COVENTRY, R.I. -- A stream of water pumping from the basement of St. Vincent De Paul Church to the parking lot outside welcomed parishioners arriving for Easter services on Sunday, a lingering reminder of the flooding that devastated this town and others in the Northeast in the past week.
Hundreds of people across Rhode Island, including many in Coventry, were evacuated as deep floodwaters overtook homes and businesses and added to the difficulties of a state mired in a prolonged recession. Residents still are drying out basements and cellars, but many paused from their labor on Sunday to mark Easter -- its themes of renewal and fresh beginnings resonating loudly as communities start to recover.
Inside St. Vincent De Paul, where a basement flooded by nearly two feet of water was still being pumped out, the Rev. Michael Kelley seized on the message of hope as he praised congregants for opening their homes to those displaced.
"It's really impressive to me how many of you have been pulling together -- perhaps all of you -- to bring new life, strength, perseverance, encouragement to each other," Kelley said. "Isn't that what Jesus always wants to inspire us to do?"
Kelley said cleanup after the flood, which Gov. Don Carcieri has called the worst in 200 years with damage that could reach into the hundreds of millions of dollars, would likely seem a never-ending job to many congregants.
"You read about these things in the paper happening in faraway places, but it happened right here," he said. "We see all the consequences of this."
Elsewhere, too, the flooding was on the minds of pastors, sometimes in more subtle ways.
At Saint Paul Church in Cranston, a city on the banks of the swollen Pawtuxet River, the Rev. Francis Santilli reminded worshippers of water's dual nature: able to cause havoc, as it did for days, but also capable of cleansing sins.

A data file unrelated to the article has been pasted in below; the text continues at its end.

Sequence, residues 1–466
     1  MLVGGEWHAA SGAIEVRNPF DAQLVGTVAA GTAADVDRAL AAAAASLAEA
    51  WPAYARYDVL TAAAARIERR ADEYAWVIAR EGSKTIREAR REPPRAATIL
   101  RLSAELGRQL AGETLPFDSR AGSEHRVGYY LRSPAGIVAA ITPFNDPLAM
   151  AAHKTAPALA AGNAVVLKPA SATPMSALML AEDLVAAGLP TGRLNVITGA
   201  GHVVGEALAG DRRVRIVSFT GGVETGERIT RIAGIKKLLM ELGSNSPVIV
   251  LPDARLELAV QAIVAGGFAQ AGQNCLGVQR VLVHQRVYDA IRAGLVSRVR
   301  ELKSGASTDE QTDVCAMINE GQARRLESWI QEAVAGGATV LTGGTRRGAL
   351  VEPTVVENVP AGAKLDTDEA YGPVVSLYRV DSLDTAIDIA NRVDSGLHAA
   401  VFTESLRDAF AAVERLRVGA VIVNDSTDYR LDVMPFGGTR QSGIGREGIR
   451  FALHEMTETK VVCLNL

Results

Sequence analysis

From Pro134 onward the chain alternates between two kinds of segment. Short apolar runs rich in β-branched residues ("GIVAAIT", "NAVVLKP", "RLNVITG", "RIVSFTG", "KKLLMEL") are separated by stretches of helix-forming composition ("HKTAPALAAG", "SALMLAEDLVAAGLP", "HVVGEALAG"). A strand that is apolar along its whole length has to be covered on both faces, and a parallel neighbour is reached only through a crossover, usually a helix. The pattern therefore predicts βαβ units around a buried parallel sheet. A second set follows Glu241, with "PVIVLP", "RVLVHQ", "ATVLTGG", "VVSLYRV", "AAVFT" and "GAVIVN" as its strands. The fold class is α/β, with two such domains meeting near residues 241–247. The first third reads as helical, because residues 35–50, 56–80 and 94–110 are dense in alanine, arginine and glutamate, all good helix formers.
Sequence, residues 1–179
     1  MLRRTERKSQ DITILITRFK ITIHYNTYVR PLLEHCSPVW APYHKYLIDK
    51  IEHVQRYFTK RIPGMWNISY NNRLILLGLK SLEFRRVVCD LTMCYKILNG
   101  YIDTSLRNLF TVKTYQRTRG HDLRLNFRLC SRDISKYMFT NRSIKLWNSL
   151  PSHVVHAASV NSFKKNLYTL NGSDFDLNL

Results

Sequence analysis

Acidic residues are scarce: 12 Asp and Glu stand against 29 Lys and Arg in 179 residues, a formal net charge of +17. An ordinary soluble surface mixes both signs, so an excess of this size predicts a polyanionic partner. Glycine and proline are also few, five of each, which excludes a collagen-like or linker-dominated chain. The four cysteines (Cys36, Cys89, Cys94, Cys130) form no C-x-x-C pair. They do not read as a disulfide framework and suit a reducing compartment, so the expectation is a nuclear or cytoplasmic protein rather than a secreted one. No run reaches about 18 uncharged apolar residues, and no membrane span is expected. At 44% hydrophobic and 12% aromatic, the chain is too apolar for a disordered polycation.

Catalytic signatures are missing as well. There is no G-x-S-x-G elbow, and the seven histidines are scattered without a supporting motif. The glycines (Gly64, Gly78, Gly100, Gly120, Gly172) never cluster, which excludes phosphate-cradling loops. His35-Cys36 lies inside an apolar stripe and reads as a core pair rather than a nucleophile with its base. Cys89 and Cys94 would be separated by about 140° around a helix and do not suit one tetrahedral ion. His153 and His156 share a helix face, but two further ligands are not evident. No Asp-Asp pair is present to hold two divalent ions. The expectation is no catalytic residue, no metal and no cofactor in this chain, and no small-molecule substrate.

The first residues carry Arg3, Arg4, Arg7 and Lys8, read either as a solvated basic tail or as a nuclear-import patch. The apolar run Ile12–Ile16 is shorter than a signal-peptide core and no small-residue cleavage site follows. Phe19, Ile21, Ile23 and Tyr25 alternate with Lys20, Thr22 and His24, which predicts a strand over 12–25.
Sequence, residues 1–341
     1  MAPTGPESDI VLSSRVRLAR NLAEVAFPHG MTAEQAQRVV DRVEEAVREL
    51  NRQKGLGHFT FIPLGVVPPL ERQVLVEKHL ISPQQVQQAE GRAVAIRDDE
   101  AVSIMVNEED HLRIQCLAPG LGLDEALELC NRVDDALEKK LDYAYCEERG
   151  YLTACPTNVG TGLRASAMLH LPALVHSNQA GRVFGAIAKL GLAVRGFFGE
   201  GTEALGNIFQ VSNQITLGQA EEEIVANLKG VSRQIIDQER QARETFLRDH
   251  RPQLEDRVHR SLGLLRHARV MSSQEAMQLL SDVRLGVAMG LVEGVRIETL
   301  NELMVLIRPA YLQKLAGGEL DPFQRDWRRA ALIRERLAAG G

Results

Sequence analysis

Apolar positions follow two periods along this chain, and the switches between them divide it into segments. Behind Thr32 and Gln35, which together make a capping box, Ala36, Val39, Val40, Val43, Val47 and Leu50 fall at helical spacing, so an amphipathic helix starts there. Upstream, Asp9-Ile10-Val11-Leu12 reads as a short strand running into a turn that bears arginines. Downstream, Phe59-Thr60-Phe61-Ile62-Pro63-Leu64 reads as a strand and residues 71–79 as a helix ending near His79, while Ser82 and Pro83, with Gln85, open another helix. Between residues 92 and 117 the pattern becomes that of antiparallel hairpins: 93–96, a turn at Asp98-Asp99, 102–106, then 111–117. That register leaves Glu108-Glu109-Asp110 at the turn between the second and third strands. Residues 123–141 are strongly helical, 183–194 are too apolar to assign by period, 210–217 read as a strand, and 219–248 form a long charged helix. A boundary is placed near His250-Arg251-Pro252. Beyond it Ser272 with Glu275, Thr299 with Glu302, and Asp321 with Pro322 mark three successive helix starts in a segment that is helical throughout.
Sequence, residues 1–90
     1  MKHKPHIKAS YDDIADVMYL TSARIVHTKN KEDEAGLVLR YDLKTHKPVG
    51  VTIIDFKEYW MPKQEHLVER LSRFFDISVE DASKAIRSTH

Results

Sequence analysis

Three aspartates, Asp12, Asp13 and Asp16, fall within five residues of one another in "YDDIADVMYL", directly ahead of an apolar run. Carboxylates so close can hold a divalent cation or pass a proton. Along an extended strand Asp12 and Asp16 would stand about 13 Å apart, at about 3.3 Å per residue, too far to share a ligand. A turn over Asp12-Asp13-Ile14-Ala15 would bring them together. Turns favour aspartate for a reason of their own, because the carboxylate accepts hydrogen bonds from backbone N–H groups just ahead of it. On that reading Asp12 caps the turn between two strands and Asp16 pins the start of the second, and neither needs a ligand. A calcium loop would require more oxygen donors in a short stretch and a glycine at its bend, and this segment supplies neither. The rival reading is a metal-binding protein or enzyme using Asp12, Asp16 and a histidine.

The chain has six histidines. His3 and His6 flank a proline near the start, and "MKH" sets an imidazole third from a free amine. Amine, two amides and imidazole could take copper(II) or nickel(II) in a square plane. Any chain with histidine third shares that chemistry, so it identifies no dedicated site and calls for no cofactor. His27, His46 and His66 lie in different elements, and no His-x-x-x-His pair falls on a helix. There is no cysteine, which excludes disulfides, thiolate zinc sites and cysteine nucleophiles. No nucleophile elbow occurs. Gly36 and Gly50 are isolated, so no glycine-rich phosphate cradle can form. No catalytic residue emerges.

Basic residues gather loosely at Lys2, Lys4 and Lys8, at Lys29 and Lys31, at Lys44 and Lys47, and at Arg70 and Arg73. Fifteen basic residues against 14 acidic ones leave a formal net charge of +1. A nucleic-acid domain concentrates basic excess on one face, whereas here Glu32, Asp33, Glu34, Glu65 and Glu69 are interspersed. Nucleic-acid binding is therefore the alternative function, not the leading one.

"Despite the fact that water has not been a pleasant topic this past week, the church asks us to renew the promises of our baptism today and to be sprinkled with the new Easter water," Santilli said. "Water is the sign that God is washing away our sins."
At the Cathedral of Saints Peter and Paul in Providence, Monsignor Anthony Mancini said he expected some attending the Mass had lost a loved one in the last year, become unemployed or "perhaps were washed away, out of their home by that terrible flood that we just had."
"This Easter Day," he said, "we start anew."
The Roman Catholic Diocese of Providence has been trying to rally support for flood victims in the nation's most heavily Catholic state. Jim Jahnz, coordinator of the diocese's dire emergency program, said Friday he was coordinating with pastors in the West Warwick and Coventry areas to provide assistance to people who need it.
"There's dirt throughout the street, there's water pumping out, there's mattresses on the side of the road," he said. "It looks like no one was spared as you go down into the valleys."
The flooding was caused by three straight days of downpours last week, following heavy rains two weeks before that. Providence registered its rainiest month on record in March, with more than 15 inches of rain. The flooding adds to the problems of a state grappling with nearly 13 percent unemployment, one of the highest jobless rates in the country.
The damage remains substantial in places such as Coventry, where Our Lady of Czenstochowa church got about half a foot of water in its the basement. Wood floors and part of the walls probably will have to be replaced, said the Rev. Stephen P. Amaral, the pastor.
David Leroux, 68, and his wife, Joanne, Coventry residents who worship at St. Vincent De Paul, were evacuated for one night amid concern that a bridge near their home would fall into the Pawtuxet and damage several dams downstream. They've been pumping water from their cellar since the last major rain more than two weeks ago.
"Because we're old, we don't have the physical capabilities of handling it as easily as we did when we were younger," Leroux said.
But signs of improvement continue.
Forecasters expected the Pawtuxet, which crested at a record 20.79 feet, to return to below flood stage Sunday evening. President Barack Obama has offered continued federal cleanup help, both directions of Interstate 95 remain open after being closed earlier and Amtrak said it would resume nearly full Northeast Regional and Acela service on Monday.
The sun was bright Sunday as services ended at St. Vincent De Paul.
"Every little bit helps," Leroux said. "The church, the weather, the water receding -- it's all good, it's all upbeat."
Associated Press writer Michelle R. Smith contributed to this report.